In addition, Davidson noted synchronized oscillations in the brain and greater activity in certain portions of the brain, particularly in those responsible for so-called positive emotions such as love, kindness, empathy, and compassion. What was so remarkable about these and other related findings was the idea that an individual may actually be able to change the way their brain functions through a particular course of meditation training. This idea went clearly against the traditional view of how the brain develops.
To read a detailed interview with Dr. Davidson about some of his discoveries, please click: deerparkcenter.org/NewFiles/davidson.html.
To read a Wired magazine article entitled “Neuroscience and Meditation”— featuring research by Dr. Davidson, please see: wired.com/wired/archive/14.02/dalai.html.
For more information about the work and research of Dr. Richard Davidson, including an extensive bibliography of published studies, please see his page at the University of Wisconsin website: http://glial.psych.wisc.edu/index.php/psychsplashfacstaff/100.
Dr. Andrew Newberg is an Associate Professor of Radiology and Psychiatry in the School of Medicine at the University of Pennsylvania. He is an early pioneer in the newly emerging field of “neurotheology,”the study of the relationship between the brain and religious/spiritual experiences. Newberg is the author of four groundbreaking books in the field (see Suggested Resources below) and founder of the Center for Spirituality and the Mind at the University of Pennsylvania.
Newberg and his research team used functional brain-imaging technology to look at the brains of highly experienced Tibetan Buddhist meditators and nuns praying in the Franciscan tradition. What they discovered was that intensely focused contemplative practice triggers an alteration in the activity of the brain that leads one to perceive transcendent religious experiences as solid, tangible reality. In other words, the sensation known in many traditions as “oneness” is not a delusion, or subjective psychology, or simply wishful thinking. The inescapable conclusion is that God (or the true nature of reality) seems to be hard-wired into the human brain.
For a fascinating interview with Dr. Newberg about prayer, meditation, and the brain, please see: salon.com/books/int/2006/09/20/newberg
For more information about the work and research of Andrew Newberg, please visit his website at: andrewnewberg.com
The Mind and Life Institute is a nonprofit organization dedicated to exploring the relationship of science and Buddhism as methodologies in understanding the nature of reality. The Institute has affiliates including notable scientists and Buddhist practitioners, the most notable of which is Tenzin Gyatso, the 14th Dalai Lama. The Institute has sponsored a nearly annual conference since 1987 to scientifically study the effects of meditation on the human being.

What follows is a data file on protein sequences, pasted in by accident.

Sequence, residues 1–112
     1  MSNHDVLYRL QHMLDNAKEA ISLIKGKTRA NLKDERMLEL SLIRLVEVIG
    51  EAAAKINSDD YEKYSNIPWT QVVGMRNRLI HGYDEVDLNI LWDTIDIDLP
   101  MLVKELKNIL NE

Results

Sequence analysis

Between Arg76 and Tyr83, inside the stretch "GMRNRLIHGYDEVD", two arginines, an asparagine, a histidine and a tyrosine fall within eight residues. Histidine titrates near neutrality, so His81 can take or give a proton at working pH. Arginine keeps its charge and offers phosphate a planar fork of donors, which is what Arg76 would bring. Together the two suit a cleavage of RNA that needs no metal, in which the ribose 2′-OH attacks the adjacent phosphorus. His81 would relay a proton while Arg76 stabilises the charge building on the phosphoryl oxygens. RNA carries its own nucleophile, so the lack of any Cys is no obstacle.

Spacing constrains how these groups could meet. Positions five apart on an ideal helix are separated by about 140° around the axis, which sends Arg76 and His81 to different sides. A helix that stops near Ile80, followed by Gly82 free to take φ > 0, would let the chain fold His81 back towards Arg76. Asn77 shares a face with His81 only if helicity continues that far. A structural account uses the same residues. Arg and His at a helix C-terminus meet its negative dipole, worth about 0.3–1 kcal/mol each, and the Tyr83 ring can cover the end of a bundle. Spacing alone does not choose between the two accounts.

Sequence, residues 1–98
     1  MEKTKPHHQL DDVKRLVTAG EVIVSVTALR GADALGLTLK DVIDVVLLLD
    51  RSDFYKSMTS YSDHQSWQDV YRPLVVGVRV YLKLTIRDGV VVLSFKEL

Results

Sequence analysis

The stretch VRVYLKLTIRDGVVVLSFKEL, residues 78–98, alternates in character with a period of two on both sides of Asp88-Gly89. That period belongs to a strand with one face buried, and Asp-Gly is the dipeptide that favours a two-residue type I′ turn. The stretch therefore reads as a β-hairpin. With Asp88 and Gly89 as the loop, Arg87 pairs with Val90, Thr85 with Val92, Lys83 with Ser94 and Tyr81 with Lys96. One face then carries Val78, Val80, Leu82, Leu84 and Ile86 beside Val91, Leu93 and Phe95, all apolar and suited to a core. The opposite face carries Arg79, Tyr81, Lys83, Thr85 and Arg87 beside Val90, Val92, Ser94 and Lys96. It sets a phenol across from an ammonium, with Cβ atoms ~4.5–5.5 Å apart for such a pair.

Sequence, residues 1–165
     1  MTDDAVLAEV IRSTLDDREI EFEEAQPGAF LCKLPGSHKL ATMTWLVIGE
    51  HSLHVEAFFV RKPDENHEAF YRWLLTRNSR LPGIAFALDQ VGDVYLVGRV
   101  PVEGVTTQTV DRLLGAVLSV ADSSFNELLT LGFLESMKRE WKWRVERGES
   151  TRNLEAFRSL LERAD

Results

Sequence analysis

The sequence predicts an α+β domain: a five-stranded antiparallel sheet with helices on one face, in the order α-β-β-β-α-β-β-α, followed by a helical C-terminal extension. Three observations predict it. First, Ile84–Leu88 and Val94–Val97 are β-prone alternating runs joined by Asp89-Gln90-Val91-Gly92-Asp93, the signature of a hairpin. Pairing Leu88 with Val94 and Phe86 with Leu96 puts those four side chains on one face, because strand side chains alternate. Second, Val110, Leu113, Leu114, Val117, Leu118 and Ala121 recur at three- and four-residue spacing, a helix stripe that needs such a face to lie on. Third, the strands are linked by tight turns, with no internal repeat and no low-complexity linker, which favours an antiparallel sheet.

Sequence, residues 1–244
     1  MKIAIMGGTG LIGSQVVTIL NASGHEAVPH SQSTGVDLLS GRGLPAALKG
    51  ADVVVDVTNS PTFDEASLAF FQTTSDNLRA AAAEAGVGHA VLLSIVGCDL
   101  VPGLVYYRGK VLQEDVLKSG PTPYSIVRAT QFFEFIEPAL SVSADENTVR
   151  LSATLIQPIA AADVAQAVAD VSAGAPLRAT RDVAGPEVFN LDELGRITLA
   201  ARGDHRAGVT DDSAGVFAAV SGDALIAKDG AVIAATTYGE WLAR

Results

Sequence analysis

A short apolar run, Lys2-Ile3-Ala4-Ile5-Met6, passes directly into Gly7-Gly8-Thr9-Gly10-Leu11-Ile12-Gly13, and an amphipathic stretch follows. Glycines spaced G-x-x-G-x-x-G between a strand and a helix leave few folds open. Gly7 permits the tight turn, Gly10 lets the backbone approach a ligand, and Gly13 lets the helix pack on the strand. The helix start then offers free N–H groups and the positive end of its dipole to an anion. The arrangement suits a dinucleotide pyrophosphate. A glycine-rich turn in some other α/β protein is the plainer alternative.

The scientists who participate in Mind and Life have been intrigued by the ability of meditators to develop and sustain attention and visualizations, to work skillfully and consciously with powerful emotional states, to intentionally manipulate basic physiological processes, and to catalyze psychological and biological healing effects—all through the directed mental processes of meditation practices. How Buddhist masters attain these skills through the development of the mind is still a mystery. In 1990, Mind and Life scientists initiated research projects to investigate the neurobiological effects of meditation on long-term meditators.
For more information on The Mind and Life Institute, its members, and its ongoing work to study the effects of meditation, please visit: mindandlife.org.
Austin, James. Selfless Insight: Zen and the Meditative Transformations of Consciousness. The MIT Press, 2009.
___. Zen-Brain Reflections. The MIT Press, 2006.
___. Zen and the Brain: Toward an Understanding of Meditation and Consciousness. The MIT Press, 1999.
Dalai Lama, The. The Universe in a Single Atom: The Convergence of Science and Spirituality. Broadway, 2006.
___. Destructive Emotions: A Scientific Dialogue with the Dalai Lama (with Daniel Goleman). Bantam, 2003.
Davidson, Richard and Harrington, Anne. Visions of Compassion: Western Scientists and Tibetan Buddhists Examine Human Nature. Oxford University Press, 2001.
Murphy, Michael; Donovan, Steven; and Taylor, Eugene. The Physical and Psychological Effects of Meditation: A Review of Contemporary Research with a Comprehensive Bibliography, 1931-1996. Institute of Noetic Sciences, 1997.
Newberg, Andrew; D'Aquili, Eugene; and Rause, Vince. Why God Won't Go Away: Brain Science and the Biology of Belief. Ballantine, 2002.
Newberg, Andrew and Waldman, Mark Robert. How God Changes Your Brain: Breakthrough Findings from a Leading Neuroscientist. Ballantine, 2009.